Quite some significant portions of work and regular maintenance were required for the interfaces and data harmonization section. The most crucial topics developed to be process breaks because of system breaks and data consistency although SAP even provided “out of the box” real-time interfaces. So, over the last decade, a large amount of effort has been put into interface design, reconciliation and robustness of integration. And everyone who operated multiple systems supposed to exchange mass data in a consistent and frequent way knows the pain of monitoring interfaces and data reconciliation, don’t you?

Along came HANA

Then SAP came along with SAP HANA. A new type of database which stores the data in memory and in a columnar way. Simply a boost for performance. Along with SAP HANA, the evolution of IT hardware, the drop of hardware prices, the success of mobility, small apps and the always online idea, SAP launched a firework of new and reinvented systems and applications. An evolutionary next step renewing the classical business suite by breaking with unbreakable paradigms and replacing the shop-soiled SAP frontends.

That was the birth of S/4 HANA. Reengineered, modernized, remodelled and a simplified core system for all business related operations. A next generation ERP platform powered by SAP’s new database technology SAP HANA. All in one system and ideally hosted in the cloud to reduce the total cost of ownership and accelerate the update cycles (time to market). It was also the start of many more systems which seemed to be waiting for the right catalyst. SAP HANA.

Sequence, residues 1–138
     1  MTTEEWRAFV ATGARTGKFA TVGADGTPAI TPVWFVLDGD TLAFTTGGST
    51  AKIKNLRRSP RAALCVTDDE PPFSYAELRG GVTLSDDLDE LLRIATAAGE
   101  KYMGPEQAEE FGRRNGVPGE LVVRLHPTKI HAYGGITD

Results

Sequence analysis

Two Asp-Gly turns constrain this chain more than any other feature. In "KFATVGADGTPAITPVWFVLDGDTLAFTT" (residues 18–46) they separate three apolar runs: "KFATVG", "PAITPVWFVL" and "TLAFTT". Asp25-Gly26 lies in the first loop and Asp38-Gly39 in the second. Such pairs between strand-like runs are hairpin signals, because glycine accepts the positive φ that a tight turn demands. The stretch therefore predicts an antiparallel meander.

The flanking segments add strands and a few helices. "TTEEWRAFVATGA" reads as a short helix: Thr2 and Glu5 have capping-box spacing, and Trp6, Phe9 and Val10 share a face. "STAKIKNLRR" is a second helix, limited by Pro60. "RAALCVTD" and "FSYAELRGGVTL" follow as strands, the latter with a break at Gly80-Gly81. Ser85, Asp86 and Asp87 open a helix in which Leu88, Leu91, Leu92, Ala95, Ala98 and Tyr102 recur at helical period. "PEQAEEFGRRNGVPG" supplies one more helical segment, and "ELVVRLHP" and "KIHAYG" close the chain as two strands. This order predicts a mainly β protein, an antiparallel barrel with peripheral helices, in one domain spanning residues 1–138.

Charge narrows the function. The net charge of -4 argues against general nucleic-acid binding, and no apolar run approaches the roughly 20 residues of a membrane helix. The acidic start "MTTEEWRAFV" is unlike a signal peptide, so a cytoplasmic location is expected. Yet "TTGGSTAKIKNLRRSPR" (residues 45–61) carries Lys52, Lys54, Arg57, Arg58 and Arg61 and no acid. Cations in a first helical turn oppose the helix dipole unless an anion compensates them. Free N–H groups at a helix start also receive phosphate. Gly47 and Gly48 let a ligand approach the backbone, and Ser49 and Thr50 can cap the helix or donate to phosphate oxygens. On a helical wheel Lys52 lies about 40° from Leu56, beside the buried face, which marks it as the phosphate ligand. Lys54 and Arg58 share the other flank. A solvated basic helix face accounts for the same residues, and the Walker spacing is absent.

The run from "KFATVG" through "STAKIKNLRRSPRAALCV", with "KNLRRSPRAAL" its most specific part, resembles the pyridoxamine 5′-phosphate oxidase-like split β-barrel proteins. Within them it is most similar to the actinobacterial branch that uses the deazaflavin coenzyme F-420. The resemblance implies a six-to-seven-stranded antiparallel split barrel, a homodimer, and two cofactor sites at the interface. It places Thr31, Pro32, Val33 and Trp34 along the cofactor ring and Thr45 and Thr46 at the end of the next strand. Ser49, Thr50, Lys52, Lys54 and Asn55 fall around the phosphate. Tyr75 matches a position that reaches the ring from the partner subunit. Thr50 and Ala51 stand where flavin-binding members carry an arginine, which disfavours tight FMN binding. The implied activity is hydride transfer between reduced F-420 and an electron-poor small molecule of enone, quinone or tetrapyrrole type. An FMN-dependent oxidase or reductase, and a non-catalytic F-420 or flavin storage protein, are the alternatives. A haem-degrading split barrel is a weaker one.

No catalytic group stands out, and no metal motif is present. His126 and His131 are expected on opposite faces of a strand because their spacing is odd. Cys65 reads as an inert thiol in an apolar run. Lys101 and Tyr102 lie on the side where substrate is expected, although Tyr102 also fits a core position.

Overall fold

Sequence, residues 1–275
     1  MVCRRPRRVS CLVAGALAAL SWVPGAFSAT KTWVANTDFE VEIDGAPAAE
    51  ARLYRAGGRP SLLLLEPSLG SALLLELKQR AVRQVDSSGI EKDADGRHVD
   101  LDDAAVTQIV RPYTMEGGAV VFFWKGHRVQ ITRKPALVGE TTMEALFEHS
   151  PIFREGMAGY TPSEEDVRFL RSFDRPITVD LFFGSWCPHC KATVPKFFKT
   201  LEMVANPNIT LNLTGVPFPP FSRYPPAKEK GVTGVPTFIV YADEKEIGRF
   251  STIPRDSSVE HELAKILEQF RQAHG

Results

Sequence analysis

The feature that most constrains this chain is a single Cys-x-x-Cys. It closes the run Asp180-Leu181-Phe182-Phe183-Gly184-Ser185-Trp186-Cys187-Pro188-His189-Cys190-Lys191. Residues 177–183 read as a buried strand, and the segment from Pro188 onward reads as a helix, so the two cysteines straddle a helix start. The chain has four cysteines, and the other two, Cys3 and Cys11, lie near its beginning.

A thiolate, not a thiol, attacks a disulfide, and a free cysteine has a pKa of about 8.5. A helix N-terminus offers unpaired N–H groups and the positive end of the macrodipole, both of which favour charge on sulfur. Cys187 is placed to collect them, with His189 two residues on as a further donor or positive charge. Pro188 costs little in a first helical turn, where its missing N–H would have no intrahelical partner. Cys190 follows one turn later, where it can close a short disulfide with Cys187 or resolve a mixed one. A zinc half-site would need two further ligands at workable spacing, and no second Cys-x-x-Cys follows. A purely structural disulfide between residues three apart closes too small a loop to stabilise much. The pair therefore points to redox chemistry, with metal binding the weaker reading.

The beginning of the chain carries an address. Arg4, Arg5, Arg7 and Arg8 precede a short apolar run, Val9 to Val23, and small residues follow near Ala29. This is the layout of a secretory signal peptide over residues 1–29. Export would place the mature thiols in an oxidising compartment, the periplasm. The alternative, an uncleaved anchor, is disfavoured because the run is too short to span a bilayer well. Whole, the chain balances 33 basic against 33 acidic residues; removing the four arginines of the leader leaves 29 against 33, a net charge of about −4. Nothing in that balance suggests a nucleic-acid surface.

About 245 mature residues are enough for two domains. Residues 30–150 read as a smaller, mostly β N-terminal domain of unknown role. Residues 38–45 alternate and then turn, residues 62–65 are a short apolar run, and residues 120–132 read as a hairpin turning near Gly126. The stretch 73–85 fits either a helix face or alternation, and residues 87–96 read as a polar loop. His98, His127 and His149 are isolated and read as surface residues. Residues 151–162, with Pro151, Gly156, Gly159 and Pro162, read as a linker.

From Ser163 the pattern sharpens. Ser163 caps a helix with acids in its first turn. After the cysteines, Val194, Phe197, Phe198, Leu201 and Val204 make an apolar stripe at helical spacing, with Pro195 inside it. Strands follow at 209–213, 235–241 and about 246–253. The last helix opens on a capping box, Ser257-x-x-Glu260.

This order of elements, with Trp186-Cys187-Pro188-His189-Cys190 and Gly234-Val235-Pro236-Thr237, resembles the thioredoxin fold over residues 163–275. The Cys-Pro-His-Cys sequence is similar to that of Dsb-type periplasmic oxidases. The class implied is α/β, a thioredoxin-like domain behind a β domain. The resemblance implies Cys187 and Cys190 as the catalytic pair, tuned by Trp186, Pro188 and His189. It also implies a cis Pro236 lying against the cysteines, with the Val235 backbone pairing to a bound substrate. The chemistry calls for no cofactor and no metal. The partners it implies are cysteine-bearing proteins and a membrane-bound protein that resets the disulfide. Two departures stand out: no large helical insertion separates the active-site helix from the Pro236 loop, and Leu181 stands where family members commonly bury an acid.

As always, the big marketing machinery kicks in and mixes current trends with SAP’s product portfolio. Terms like SAP IBP, S/4 HANA Simple Logistics, Simple Manufacturing, cloud, ARIBA, Internet of Things, SAP HANA, SAP CAR, Big data, real-time, predictive analytics and so forth are present at each and every symposium.

It feels again like the start of something new. An evolution in the business IT market. Pioneer feelings. Rightly so!

Nevertheless customers are more than ever unclear at how to adopt and at which point in time. They ask themselves the same questions: